Megan Steeber has a story to tell.
A story about weighing so much that her electronic scale stopped working. About losing half that weight, gaining a new life and competing in her first triathlon.
Ironman Coeur d’Alene sponsors were so impressed they awarded the 37-year-old Spokane woman a free entry into Sunday’s race. The prize is worth $700, which Steeber called a “once-in-a-lifetime opportunity, because I couldn’t afford this on my own.”
But if ever a gift came with strings attached, this was it. When Steeber got the news in early May, she said it left her “breathless,” but nothing compared to her workout regimen of late: 20 hours a week, including five-hour bike rides and three-hour runs.
Fortunately, Steeber already was in training. Last month in Medical Lake, she finished the equivalent of half an Ironman, or 70.3 miles. Now she’s ramping it up further for the big event with one goal: that on Sunday morning, all the training, all the work, will carry her 140.6 miles to the finish line.
Tough as that sounds, the hardest work is over for Steeber, who once weighed 345 pounds – enough that her electronic scale flashed “E” for error because it only went up to 340.
Steeber’s “aha moment” came at Bed, Bath & Beyond, where she decided that instead of buying a new scale and watching her weight rise, she’d keep the old one and watch it go down.
The first visit to Weight Watchers, in January 2011, filled her with angst, which was better than the snacks that brought her to this point. Steeber lost weight steadily and sensibly, limiting her portions and her choices.
There were limits – “I’ll never eat nonfat cheese,” she said – but she lost the weight. Now she’s at 170.
The first workout came in front of the television; she played Wii games with her children and took short walks in her neighborhood near Finch Arboretum.
Soon Steeber was off and running; a half-marathon in 2013, then a full marathon later that year. In 2014, she overcame more fears: the bike, and a lack of confidence in the water despite growing up in California.
“I knew just enough not to drown,” Steeber said.
She joined the Team Blaze triathlon club late in 2013 and made her triathlon debut last year in the Race the River sprint event in Coeur d’Alene.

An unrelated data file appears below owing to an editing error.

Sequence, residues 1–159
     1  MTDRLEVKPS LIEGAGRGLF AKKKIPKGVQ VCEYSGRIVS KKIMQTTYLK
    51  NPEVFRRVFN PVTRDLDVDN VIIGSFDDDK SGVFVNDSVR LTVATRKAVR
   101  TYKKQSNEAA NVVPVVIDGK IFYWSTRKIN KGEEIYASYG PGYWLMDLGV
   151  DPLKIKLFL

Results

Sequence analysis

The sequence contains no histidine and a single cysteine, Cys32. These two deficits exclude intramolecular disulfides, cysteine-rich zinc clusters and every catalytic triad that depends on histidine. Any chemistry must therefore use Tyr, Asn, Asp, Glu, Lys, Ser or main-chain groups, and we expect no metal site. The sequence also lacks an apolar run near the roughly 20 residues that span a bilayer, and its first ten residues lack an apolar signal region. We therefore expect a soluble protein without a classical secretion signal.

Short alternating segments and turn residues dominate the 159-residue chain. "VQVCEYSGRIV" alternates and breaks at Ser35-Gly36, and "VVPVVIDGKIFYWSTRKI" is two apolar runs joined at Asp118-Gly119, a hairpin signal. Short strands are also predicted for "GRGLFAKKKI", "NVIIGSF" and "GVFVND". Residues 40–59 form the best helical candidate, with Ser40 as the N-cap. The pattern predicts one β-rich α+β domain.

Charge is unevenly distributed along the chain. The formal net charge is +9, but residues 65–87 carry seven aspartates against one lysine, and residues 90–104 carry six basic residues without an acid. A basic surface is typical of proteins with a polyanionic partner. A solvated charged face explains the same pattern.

Steeber has gone from fat to fit – and then some. Somehow, she has enough energy left to help raise a family and work full time at Ecova, an energy-management company.
Team Blaze running coach Ellen Schaefer knew a good story when she saw it, and persuaded Steeber to submit it to Finger Paint, a marketing agency for The Club at Rock Creek, a major Ironman sponsor.
Steeber’s reaction: “Why not,” which is her motto for every challenge.
If sponsors wanted a compelling story about a first-time Ironman participant, they certainly got one in Steeber.
Her story could get even better on Sunday morning, when Steeber jumps into Lake Coeur d’Alene for a 2.4-mile swim. After that, it’s a 112-mile bike ride and a 26.2-mile run – in temperatures expected to hit triple digits.
“I’m not looking to get on the podium, I just want to finish,” said Steeber, who’ll be packing extra electrolytes on her bike to combat the heat.
Waiting at the finish line will be her husband, Tom, and children Jon, 13, and Elsie, 6. They’ve been there since the beginning of this odyssey, and Steeber admits she wouldn’t be this far without their support.
When the news broke about the heat wave and an earlier start time, Steeber’s glass was half-full, as usual.
“That just means I’ll finish earlier, which is a good thing because our 6-year-old can only stay up so late,” Steeber said.
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